Blacks in Tech

Apply to the program here:

The deadline is November 30th so get them in! Please contact for more information about the Black Student Tech program.



U.S. Department of Agriculture is Hiring!

The USDA 1890 National Scholars Program was established in 1992. The program provides full tuition, fees, books, work experience, room, and board. When the student has completed the academic and summer work requirements of the scholarship, USDA may convert the student to a permanent employee without further competition. The USDA/1890 National Scholars Program is available to high school seniors entering their freshman year of college and rising college sophomores and juniors. The application deadline is January 31, 2022. See the FY 2022 High School Application (PDF, 1.8 MB) and the FY 2022 College Application (PDF, 833 KB) and contact for more details.

USDA’s 1994 Tribal Land-Grant Colleges and Universities Program 

There are 35 federally recognized tribal colleges and universities (also known as “1994s”), designated as land-grant institutions through the Equity in Educational Land-Grant Status Act of 1994. For reservation communities, these 1994 land-grant institutions help improve the lives and career opportunities for Native students and the communities at large. 1994 institutions support research, education, and extension programs that enhance local agriculture and food production.

The USDA 1994 Tribal Scholars Program.

The program provides full tuition, employment, employee benefits, fees, and books each year for up to 4 years to selected students pursuing a bachelor’s degree in agriculture, food science, natural resource science, or a related academic discipline at one of 35 federally recognized tribal colleges and universities. The scholarship may be renewed each year, contingent upon satisfactory academic performance and normal progress toward the bachelor’s degree.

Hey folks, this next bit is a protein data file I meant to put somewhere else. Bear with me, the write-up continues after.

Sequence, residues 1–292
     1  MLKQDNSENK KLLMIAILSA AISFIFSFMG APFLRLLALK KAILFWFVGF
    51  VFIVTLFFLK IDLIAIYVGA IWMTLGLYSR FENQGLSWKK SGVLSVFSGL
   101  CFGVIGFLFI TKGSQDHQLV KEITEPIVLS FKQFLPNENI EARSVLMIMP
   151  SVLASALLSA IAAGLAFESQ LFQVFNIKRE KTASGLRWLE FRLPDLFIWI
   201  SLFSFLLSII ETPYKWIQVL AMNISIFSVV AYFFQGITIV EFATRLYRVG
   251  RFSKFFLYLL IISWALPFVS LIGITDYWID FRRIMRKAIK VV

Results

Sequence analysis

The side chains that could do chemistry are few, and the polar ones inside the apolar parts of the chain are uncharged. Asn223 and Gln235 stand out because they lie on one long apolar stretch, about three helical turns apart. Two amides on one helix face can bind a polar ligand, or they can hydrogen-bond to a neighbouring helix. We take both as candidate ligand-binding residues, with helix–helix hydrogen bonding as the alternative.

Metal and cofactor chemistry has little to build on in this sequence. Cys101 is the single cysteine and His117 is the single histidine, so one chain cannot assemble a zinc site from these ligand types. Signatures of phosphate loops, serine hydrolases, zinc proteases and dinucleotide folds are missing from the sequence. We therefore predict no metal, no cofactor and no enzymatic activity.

Trainee and Scholarship Opportunity – Natural Resource Conservation Service (NRCS)

The Food Production and Conservation Business Centers (FPAC) has 10 paid training positions, each of which it will provide a scholarship through the USDA 1994 Tribal Scholarship Program. These are intended to lead to permanent employment with the United States Department of Agriculture.

USDA 1994 Tribal Scholars Program Phone: 202-720-6350 Email: natural reso

USDA is hiring

This announcement is for all Current Students, Graduating Seniors, Recent Graduates, Alumni, and Other Job Seekers!!

Interested in a Challenging Career?  Ever Thought About a Career in Agriculture? If so, please view the attached flyer for information on how to apply for a position under the Pathways Program.  USDA FPAC is Hiring!

The U.S. Department of Agriculture’s Farm Production and Conservation (FPAC) mission area has over 600 paid student internships and entry-level career opportunities under the Pathways Program. The opening date for the Student Internship Program is October 12th and the opening date for Recent Graduate opportunities is October 18th.

Apply at! The announcement periods vary for the student internships and recent graduates programs!

Here’s the link to view FPAC positions currently posted:

Energy Logo

U.S. Department of Energy

U.S. Department of Energy’s Mickey Leland Energy Fellowship Audience: Undergraduate and Graduate Students Who Are U.S. Citizens Application Deadline: Jan. 10, 2022 Contact:

The U.S. Department of Energy’s (DOE) Mickey Leland Energy Fellowship (MLEF) Program is currently accepting applications for their Summer 2022 program. This 10-week summer research fellowship is for undergraduate and graduate students in STEM majors seeking to gain experience in energy research. Participants complete a cutting edge research project at one of DOE’s national laboratories or at DOE headquarters under the mentorship of our scientists and engineers. Participants receive a stipend, travel and housing assistance.


2021 U.S.-Brazil Innovation Fund Grant Competition